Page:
Sunday, December 20, 2009

An Adventure in Stupidity, Or Yet Another Lesson Learned the Hard Way

NEW YORK—Yesterday, Mother Nature dumped buckets of snow over the East Coast. A perfect time to stay in at home and avoid the treacherous roadways, right? Well, that's not what I did. Not at all.

I had tickets to a dance performance at the Brooklyn Academy of Music last night that I had paid for about three months in advance, so, despite warnings of the impending snowstorm worsening during the evening, I said to myself, you know, I've driven through snowstorms before. I might as well make the $18 I paid for the ticket stand up and not go to waste.

Thus, I left my house at around noon to catch a 12:29 p.m. NJ Transit train in New Brunswick to get to New York. The cold front was only producing flurries in the area at the time, and nothing was accumulating on the ground, so I decided to park in an empty spot on the street (you don't have to feed meters in New Brunswick during weekends).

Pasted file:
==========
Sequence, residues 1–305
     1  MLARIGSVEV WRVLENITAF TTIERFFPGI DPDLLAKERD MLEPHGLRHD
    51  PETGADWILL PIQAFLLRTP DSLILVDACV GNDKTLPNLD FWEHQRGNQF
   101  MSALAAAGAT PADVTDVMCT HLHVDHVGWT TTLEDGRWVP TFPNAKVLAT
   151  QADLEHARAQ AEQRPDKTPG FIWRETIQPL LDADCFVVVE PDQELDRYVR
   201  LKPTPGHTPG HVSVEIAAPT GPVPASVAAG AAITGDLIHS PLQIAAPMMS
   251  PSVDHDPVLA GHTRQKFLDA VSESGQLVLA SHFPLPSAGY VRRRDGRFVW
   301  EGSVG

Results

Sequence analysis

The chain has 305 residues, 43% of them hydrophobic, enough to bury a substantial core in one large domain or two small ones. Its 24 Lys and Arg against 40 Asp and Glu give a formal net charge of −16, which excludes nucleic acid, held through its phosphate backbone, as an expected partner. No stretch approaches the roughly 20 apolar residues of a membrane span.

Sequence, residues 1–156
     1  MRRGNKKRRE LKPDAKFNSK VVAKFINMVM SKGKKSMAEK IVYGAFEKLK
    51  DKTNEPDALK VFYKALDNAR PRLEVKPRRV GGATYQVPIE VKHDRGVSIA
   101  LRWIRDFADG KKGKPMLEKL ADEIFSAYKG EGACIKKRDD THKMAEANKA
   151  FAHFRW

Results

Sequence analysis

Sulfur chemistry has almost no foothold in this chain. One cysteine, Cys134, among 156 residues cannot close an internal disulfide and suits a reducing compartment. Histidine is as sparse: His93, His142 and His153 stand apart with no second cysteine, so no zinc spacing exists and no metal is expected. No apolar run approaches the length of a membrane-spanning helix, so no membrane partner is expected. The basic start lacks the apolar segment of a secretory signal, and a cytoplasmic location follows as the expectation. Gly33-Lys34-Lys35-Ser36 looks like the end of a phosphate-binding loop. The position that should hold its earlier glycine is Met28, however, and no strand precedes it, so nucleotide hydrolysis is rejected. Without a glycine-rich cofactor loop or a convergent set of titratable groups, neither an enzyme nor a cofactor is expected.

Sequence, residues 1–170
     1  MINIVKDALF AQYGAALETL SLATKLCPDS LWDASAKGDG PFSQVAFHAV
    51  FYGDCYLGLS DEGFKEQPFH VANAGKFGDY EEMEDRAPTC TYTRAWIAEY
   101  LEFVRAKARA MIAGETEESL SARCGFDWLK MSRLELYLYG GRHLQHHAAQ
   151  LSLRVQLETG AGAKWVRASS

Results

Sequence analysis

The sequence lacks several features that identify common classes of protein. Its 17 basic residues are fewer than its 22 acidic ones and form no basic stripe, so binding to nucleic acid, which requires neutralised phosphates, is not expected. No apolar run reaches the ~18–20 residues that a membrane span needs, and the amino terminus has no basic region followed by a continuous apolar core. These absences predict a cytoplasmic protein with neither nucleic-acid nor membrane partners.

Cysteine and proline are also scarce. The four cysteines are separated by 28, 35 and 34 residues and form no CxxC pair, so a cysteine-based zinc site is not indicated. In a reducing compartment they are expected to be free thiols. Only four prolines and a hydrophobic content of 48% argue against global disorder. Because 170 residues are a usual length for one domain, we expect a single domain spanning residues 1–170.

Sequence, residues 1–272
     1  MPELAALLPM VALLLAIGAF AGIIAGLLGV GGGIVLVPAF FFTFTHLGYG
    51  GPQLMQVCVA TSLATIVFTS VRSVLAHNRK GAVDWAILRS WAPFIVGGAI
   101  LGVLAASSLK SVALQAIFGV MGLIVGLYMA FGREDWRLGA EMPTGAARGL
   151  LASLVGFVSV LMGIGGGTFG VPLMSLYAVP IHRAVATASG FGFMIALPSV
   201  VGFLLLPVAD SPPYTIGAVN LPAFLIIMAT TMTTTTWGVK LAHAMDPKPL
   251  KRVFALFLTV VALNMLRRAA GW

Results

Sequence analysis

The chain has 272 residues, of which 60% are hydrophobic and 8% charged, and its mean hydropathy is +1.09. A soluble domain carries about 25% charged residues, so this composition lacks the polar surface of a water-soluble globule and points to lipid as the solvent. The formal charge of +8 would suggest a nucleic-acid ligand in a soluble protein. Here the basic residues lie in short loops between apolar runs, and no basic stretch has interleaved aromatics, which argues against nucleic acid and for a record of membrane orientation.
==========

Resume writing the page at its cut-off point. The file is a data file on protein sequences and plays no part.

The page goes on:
I spent my afternoon and evening first in Astoria, hanging out with friends, and then in Brooklyn for this dance performance. By the time a friend and I got to Brooklyn, the blizzard had already intensified; still, it wasn't enough to faze me when I thought about the ride home.

But when I returned to New Brunswick at about 11 p.m. and saw my car not at its spot on the street—well, then I was fazed. You can guess what happened to the car.

My dad ended up having to drive out in the storm and pick me up. And while he was gracious about the whole unfortunate affair, my mom was decidedly not. I was still hearing complaints from her about the situation this morning—not just about how I shouldn't have parked my car on the street, but how I shouldn't have even gone out to New York in the first place. (The fact that I paid only $18 for the ticket, she felt, strengthened her case. "That's nothing," she kept saying—funny coming from Mrs. Extreme Frugality.)